After the Squall

With the sun finally making an appearance again today, we’re expected to get into the mid-70s.

You might have thought that with a monster tropical storm committing seppuku all over top of us on Monday we would have had some pretty warm temperatures these last two days, but that wasn’t the case. Yesterday I had to turn off the A/C in my car because the outside temperature was actually cooler — mid-60s — than what I like to have inside the car.

We’d had a cold front come through while Irma was pillaging America’s Wang, which I confess played into why I stopped short of panic as I watched her approach; apparently even a monster tropical storm can be staggered by a wall of dryish, coolish air athwart its path. The weather professionals must have expected the cool pool to make way submissively for the whirlybitch. It didn’t.

There’s even been a very slight but noticeable increase in autumnal coloration hereabouts, and less lost foliage than the media frenzy had led us to expect. A rather large tree did take out a section of long-suffering fence belonging to one of our neighbors Monday, but on the home acres there were about as many fallen limbs as we typically see after a single severe thunderstorm.

The lawn is still soggy though, and likely to remain so for a few days. As it warms up, the standing water and damp ground will give up some of its moisture to the atmosphere, increasing the humidity. And as humidity increases, the take-up of ground moisture levels off. If the humidity leads to thunder, said take-up will actually go into reverse.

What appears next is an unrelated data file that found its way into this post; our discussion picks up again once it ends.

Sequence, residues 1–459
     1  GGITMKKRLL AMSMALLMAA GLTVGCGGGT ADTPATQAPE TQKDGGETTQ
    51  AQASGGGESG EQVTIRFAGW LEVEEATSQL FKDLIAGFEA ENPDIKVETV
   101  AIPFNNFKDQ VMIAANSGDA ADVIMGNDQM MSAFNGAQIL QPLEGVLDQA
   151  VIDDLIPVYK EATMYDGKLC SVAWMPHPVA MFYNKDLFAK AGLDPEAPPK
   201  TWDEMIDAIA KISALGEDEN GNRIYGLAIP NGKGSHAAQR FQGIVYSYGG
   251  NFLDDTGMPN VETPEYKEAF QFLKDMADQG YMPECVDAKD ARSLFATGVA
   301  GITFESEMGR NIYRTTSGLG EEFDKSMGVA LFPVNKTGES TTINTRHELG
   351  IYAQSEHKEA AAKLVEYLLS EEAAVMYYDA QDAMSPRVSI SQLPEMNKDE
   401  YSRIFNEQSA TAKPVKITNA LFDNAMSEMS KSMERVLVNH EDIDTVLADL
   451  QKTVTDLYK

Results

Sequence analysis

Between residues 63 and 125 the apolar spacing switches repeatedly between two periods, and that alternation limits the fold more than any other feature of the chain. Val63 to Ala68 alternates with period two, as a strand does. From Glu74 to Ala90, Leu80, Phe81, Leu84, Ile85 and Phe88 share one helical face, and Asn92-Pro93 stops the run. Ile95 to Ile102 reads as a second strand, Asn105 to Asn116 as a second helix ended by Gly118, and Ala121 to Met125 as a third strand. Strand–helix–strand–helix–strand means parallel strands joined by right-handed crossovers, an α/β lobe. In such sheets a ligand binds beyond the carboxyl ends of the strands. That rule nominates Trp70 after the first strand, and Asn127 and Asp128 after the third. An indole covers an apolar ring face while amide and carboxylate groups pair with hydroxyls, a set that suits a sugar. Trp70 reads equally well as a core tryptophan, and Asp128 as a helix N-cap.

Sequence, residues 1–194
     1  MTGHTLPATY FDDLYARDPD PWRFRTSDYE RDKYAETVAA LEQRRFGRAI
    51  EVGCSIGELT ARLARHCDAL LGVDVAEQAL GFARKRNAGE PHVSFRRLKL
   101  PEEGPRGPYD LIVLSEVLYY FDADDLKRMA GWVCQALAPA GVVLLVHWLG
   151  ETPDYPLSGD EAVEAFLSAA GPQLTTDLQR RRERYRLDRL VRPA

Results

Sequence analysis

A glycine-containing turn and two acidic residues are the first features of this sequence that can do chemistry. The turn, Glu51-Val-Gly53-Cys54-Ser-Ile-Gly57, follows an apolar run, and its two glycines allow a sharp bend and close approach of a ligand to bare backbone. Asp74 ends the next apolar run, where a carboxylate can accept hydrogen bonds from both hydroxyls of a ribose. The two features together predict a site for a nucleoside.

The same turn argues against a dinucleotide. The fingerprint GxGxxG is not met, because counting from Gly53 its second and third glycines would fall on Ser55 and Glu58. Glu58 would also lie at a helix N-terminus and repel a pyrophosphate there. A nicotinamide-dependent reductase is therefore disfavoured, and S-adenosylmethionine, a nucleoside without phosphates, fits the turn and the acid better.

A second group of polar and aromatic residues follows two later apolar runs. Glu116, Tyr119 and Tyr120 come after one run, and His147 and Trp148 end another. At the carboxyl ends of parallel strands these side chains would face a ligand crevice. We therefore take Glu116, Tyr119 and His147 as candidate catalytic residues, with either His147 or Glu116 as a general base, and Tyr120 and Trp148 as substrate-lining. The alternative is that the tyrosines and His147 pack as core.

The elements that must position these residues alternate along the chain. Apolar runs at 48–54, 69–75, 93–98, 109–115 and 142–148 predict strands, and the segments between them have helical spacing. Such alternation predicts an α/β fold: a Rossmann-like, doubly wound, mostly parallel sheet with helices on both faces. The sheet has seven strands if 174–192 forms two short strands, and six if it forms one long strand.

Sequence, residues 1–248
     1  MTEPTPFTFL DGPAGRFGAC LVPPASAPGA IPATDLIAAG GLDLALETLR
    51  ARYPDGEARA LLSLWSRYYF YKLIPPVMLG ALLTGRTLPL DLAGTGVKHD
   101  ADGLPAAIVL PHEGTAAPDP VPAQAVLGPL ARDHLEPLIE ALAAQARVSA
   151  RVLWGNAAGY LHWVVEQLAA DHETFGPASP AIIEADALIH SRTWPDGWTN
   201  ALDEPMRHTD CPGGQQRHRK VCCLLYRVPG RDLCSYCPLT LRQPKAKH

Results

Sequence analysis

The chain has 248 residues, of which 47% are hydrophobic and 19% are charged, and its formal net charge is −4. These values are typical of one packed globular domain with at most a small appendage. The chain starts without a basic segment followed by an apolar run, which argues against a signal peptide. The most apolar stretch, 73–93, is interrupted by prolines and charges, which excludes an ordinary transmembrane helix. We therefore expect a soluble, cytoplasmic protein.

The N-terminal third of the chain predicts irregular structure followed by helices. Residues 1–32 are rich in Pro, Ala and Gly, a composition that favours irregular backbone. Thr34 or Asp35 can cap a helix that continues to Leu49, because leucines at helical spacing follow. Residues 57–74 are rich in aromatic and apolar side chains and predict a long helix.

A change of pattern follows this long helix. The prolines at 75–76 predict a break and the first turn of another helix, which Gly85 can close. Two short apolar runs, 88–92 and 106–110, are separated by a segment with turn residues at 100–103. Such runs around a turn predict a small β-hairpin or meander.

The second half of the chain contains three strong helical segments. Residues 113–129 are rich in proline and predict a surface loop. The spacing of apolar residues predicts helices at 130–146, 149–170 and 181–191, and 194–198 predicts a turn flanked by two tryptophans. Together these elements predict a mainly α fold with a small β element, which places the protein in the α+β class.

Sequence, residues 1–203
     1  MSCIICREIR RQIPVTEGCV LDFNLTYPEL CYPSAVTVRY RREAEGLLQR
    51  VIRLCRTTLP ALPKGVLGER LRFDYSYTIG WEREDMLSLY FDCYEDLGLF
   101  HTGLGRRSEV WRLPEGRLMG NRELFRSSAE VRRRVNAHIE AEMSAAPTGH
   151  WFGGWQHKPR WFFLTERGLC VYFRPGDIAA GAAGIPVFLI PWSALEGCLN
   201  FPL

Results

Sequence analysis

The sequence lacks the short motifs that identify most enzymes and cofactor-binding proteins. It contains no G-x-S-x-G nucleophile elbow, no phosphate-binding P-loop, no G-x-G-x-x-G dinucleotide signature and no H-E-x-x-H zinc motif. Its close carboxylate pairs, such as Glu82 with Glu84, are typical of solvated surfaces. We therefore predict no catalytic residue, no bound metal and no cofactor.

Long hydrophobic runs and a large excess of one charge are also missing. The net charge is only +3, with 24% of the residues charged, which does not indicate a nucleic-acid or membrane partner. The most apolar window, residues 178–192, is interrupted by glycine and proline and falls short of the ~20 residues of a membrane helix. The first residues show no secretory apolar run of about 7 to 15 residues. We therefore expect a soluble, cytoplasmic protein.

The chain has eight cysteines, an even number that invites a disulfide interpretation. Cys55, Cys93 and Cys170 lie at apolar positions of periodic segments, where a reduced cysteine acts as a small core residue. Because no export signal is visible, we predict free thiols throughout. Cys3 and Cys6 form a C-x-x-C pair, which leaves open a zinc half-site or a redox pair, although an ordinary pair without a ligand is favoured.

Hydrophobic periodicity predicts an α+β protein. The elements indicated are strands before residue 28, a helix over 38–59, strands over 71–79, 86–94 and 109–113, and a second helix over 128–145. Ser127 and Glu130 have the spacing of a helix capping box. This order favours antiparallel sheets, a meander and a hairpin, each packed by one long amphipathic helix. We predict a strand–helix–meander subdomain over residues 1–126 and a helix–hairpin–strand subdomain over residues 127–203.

We could use a few more cold fronts, is what I’m saying. Alas, it’s still only September.

1 thought on “After the Squall”

  1. To be a weather professional, one needs to learn all manner of what I kiddingly refer to as “occult” mathematics (because I never could master it) — yet for thousands of years people managed to have a fair idea of what to expect from the weather based solely on experience and observation, and that fundamentally human talent for recognizing patterns.

    With apologies to Mrs. McG and her colleagues, if I can more accurately anticipate what’s going to happen when Irma hits my home acres than the professionals can, that would seem to imply that (despite it being a unique event in my personal experience) there really wasn’t anything all that unusual or unprecedented happening.

    I submit that the professionals may find some of the error in their weather models (as opposed to climate models, otherwise known as “drivel”) is introduced in their attempts to account for … drivel.

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